My review of Elisa Albert's THE BOOK OF DAHLIA is now up at JBooks.
The Thriller Award nominations are out, and to circumvent the expected sniping and grumbling, here's some boilerplate copy: awards reflect judges' tastes, not some great gender conspiracy. Also, I kinda like the Best Novel list but I also read all those books and thought them pretty good to flat-out-fantastic.
Charles Matthews has much praise for Cara Black's new Aimee Leduc novel. Black is also interviewed at the Sacramento Bee.
The passing of Arthur C. Clarke has been understandably noted all around the 'sphere and in print. A couple of excellent appreciations to read are by Ed Park, Edward Rothstein, Ed Champion (what is up with so many Eds digging Clarke?) and David Ulin, who shares some very special Clarke EGOGrams.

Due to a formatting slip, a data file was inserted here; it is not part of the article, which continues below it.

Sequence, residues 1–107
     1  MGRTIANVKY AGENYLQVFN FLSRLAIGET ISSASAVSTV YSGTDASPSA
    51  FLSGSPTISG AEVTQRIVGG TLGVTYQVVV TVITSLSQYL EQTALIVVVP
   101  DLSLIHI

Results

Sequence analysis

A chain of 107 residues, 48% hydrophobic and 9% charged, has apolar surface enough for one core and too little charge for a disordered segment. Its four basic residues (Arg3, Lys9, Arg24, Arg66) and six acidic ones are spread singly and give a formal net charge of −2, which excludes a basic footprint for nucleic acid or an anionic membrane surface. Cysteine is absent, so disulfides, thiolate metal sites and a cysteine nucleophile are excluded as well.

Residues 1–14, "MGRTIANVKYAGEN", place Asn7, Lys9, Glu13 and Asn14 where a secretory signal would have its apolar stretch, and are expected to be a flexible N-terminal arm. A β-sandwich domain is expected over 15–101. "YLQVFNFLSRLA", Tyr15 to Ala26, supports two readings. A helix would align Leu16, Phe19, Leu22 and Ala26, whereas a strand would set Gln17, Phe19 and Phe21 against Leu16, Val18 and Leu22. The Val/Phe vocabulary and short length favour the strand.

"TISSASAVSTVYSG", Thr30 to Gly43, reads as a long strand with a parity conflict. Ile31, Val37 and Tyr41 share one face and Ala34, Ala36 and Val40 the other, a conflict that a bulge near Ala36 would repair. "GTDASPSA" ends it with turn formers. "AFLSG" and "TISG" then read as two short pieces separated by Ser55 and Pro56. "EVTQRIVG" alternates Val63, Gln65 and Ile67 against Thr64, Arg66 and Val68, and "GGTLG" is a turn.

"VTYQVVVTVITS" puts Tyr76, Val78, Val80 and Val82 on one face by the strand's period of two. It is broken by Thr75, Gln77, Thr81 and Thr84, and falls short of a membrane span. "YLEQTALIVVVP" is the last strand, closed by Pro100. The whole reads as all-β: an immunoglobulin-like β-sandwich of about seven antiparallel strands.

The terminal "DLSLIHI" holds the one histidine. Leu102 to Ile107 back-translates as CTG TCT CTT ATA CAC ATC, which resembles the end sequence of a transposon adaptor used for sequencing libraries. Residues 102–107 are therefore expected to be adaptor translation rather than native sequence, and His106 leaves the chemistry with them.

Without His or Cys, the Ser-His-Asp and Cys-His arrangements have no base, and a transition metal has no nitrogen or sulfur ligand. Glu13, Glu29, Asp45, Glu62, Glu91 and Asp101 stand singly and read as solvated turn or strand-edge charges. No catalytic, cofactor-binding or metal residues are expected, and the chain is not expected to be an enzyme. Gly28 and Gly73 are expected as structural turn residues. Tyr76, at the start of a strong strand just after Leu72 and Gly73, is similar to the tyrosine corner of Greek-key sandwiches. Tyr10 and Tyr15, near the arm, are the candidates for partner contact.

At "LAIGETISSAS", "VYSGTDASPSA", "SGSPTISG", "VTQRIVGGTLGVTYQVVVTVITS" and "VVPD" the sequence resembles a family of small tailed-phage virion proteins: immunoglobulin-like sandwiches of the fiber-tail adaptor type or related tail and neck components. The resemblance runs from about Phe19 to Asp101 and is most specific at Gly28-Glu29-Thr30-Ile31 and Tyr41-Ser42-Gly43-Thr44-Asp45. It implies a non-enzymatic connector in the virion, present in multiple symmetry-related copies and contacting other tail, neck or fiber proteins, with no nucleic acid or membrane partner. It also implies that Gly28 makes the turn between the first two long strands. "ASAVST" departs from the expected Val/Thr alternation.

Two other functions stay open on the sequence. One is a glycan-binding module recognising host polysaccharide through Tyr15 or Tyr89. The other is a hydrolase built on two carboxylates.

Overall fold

Book trailers provoke a heated discussion at the Crime Fiction Dossier.
PEN World Voices has now announced its schedule and slated authors.
Christopher Rice's BLIND FALL gets the lengthy review treatment at Nashville Scene.
I watched the second episode of Titlepage.TV and come back with the following comments: the editing is better and faster-paced but can only help so much when authors aren't given the chance to interact more naturally; Menaker clearly likes to talk with Sloane Crosley the most, though Ceridwen Dovey and Julie Klam also translate really well to video/tv; Keith Gessen has about a week of intensive media training ahead of him. Carolyn Kellogg has additional comments and per Mark Sarvas, who will appear on an upcoming episode, "the revamped format is livelier and there is no teleprompter in the room." Hurray!
RIP LBC, with many thoughtful comments on its demise and litblogs in general from Dan Green.
Do we need a reset of 90210? Nooooooooo.
And finally, this made me spit up my coffee.